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    $\begingroup$ @MikeDiBaggio I thought about that, but had two major concerns: 1) The increased viscosity of a liquid would make it easier for a motor to prevent you from flying across the room, it would help hold you in place on its own. Admittedly it would make it harder for you to move quickly across the room, but the salient concern seemed to be the workers being flung into walls. 2) Air doesn't provide much of a barrier to the blast from a compressed air pack. I had some concern that such a setup would seem likely to damage the computers/interfaces/etc. in the room. $\endgroup$ – Mathily Oct 20 '16 at 14:10
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The simple answer is that you don't. Human crewed ships would be a long way from the front lines and moving in controlled and regular fashions. Think aircraft carriers, drone carriers, etc. If dramatic maneuvers in a crewed ship were needed then the crew would be strapped into special pods, probably wrapped in cushioning gell, and most likely still unconscious for anything more.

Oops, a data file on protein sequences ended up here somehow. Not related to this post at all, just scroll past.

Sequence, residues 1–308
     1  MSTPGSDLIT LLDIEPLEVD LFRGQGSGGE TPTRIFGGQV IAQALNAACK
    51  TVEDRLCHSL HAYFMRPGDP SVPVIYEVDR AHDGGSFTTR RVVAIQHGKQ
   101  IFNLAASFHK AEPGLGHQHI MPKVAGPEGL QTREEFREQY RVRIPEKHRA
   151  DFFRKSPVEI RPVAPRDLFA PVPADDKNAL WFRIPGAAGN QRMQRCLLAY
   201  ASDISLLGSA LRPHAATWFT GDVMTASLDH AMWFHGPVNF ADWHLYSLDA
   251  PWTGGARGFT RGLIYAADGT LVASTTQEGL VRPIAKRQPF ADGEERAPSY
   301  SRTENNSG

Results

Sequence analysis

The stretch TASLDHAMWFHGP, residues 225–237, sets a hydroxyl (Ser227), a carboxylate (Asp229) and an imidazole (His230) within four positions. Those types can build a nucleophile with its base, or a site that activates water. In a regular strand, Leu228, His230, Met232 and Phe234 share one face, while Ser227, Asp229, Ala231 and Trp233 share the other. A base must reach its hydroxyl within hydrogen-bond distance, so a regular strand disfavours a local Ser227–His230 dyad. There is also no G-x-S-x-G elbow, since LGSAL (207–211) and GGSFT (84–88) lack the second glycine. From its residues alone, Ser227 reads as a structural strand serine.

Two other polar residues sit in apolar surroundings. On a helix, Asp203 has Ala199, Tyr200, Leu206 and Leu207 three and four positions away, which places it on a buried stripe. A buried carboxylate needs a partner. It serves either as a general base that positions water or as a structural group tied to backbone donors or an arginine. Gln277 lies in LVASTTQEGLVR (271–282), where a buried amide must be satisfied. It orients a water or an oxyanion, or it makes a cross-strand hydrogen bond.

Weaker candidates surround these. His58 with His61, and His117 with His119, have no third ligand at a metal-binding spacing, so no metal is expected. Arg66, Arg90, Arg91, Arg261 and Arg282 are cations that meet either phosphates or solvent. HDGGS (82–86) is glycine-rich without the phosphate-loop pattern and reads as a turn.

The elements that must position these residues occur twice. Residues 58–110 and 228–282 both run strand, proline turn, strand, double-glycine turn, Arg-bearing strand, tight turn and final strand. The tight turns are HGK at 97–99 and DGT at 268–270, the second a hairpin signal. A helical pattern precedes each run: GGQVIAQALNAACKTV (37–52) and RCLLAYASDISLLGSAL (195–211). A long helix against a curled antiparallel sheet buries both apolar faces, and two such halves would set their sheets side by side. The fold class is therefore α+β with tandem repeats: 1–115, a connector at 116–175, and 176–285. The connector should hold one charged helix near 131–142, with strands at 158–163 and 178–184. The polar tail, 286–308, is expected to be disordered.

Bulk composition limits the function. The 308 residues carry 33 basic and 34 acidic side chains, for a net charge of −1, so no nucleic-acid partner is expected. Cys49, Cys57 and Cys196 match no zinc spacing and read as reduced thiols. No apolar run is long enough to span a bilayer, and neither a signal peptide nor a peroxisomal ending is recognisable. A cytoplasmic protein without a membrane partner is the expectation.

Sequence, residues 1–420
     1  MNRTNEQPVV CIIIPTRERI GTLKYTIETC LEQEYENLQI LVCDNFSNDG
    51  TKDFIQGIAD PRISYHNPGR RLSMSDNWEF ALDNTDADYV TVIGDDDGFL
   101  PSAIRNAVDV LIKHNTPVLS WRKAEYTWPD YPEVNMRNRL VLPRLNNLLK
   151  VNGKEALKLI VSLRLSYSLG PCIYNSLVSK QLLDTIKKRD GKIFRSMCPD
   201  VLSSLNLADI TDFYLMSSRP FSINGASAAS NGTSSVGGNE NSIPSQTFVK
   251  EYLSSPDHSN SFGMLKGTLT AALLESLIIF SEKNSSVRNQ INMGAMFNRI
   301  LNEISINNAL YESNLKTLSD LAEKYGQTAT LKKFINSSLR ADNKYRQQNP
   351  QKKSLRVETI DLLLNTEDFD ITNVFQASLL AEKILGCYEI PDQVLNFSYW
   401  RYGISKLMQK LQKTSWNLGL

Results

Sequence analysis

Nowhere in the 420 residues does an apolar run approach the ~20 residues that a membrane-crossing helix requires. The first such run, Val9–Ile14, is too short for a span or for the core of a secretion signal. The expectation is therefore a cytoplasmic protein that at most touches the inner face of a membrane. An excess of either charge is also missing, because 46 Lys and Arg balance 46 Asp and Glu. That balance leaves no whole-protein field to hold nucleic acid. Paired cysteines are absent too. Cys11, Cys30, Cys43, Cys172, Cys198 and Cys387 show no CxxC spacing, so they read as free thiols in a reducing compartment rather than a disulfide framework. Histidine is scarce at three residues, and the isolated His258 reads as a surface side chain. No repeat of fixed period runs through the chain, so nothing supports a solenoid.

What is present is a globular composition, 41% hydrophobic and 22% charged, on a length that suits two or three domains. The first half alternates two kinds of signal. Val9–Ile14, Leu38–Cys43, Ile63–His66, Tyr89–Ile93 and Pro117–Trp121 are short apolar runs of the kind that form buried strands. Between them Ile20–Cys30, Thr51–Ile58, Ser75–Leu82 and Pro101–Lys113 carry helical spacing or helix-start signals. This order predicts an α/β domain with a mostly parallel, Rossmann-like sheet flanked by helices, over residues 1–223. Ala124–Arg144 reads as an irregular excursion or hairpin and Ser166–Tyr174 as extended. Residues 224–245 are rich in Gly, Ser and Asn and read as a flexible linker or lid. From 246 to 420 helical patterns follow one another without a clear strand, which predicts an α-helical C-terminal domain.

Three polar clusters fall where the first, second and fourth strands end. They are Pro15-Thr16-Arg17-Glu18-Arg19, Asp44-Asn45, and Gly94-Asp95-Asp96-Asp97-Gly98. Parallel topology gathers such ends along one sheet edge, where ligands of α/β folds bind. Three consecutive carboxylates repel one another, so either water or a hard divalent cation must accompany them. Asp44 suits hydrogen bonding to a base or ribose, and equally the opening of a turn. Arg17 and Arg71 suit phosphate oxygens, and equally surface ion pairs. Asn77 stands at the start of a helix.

The "ships" actually doing the fighting would be unmanned drones with reflexes thousands of times faster than humans and capable of accelerating far harder. I suggest reading Peter F Hamilton's "Nights Dawn" trilogy for an excellent example of this sort of combat, their drones being referred to as Combat Wasps.

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Any ship large enough for Gs to be a problem is either small and fast (like a fighter, crew 1) or a Capital Ship trying to be agile. The later doesn't really work well. (Force = Mass X Accel aka Accel = Force / Mass; so the amount of energy to move a capital ship is enormous)

So basically, a Capital ship would almost never have the power to make any kind of maneuver to dodge incoming attacks. It would be far more cost effective to use the ships own mass as its 'inertial dampener' and than configure the weapons and armor to be able to attack all side simultaneously (similar to their design in space fighting games). This capital ship would then be able to deploy a number of fighters to take care or the finer threats. The crew than would just need a safe way to move about the ship (like guide rails with 'auto-pilot' handles). And then You could have Escort ships (crew ~5) that are sturdier than fighters, but able to maneuver better than capital ships.